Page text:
Mon Dec 4th through Sat the 9th, 2017 at Long Beach Convention Center
This paper presents DPSCREEN, a method for determining optimal screening policies for large classes of diseases. Compared to other work in the area, DPSCREEN takes into account both the patient's clinical (screening) history, in addition to patient features pertinent to the specific disease model. As a result, DPSCREEN is able to achieve personalization in the screening process, which yields efficiency gains over existing screening policies without negatively impacting the timeliness of disease detection.
Overall I found this paper to be well-written and technically sound. The approach is well-motivated, considers pertinent related work, and provides a concise but thorough discussion of the mathematical basis of the algorithm, including computational complexity. DPScreen is validated on a large (45k patient) dataset from the Athena Health Network. This sufficiently demonstrates the improvements provided by personalization. The model is also validated across disease model types. The result is a paper that makes a clear technical contribution that also has the potential for practical impact as well.
The objective of the paper is to find the best policy for patient screening given the pertinent information. To provide the policy, a disease should be modeled as a finite state stochastic process. The policy is trying to minimize screening costs and delays. The authors propose an approximate solution that is computationally efficient. The experiments on simulated data related to breast cancer indicate that the proposed algorithm could reduce delays while keeping the same cost when compared to a trivial baseline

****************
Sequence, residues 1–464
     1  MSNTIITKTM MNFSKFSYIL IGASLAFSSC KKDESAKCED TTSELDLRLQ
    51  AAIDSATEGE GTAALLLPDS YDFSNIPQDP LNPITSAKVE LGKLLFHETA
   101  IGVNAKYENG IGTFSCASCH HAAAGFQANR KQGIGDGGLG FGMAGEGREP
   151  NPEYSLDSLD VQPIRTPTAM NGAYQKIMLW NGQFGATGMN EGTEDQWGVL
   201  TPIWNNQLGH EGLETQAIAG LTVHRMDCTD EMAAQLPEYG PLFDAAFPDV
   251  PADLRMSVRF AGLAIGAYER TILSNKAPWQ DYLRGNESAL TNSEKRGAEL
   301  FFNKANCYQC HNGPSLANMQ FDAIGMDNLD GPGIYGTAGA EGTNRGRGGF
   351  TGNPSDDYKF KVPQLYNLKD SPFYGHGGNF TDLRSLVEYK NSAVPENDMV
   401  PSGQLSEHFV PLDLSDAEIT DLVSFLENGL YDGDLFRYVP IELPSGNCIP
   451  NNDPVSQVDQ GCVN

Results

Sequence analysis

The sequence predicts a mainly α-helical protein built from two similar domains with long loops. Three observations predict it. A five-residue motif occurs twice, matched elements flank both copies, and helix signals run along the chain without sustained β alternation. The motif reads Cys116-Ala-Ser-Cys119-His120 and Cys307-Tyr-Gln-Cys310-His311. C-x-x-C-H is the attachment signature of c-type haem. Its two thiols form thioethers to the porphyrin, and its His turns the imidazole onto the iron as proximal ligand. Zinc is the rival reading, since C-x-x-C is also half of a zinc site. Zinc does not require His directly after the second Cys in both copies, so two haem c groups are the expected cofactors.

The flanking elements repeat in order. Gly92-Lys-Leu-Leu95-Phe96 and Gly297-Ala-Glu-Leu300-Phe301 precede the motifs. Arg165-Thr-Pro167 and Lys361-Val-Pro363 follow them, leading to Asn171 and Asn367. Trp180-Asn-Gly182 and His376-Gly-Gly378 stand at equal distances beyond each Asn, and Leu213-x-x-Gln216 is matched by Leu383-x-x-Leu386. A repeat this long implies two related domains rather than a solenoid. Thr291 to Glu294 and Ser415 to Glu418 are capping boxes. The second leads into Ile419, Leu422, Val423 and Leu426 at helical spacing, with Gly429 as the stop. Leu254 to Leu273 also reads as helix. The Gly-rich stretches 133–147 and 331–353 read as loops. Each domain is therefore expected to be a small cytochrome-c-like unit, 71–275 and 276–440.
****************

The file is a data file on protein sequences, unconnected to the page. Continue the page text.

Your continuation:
+ personalized screening is an important topic of research
+ the proposed algorithm is reasonable and well-developed
+ the results are promising
+ the paper is well written
- the proposed algorithm is purely an academic exercise. It assumes that the disease model of a given patient is known, which could be never assumed in practice. The main obstacle in personalized screening is not coming up with a policy when the model is known, but inferring the model from data.
- the methodological novelty is not large
- the experiments only compare the proposed algorithm to a baseline doing annual screening. Given the previous point about the disease model, an important question that should be studies experimentally is the robustness of the proposed method to inaccuracies in the disease model. In other words, how sensitive is the policy to uncertainties in the disease model.
Overall, the topic is interesting and the proposed algorithm is reasonable. However, the methodological novelty is not large and the paper would need to do a better work to convince readers that this work is practically relevant.
The paper suggests a method for predicting appropriate screening time for breast cancer patients to minimize screening cost and delay cost. This is done in a personalized fashion by taking into account the personal medical history of the patient along with external information. The paper is generally well written and the proposed method shows significant improvement over existing methods.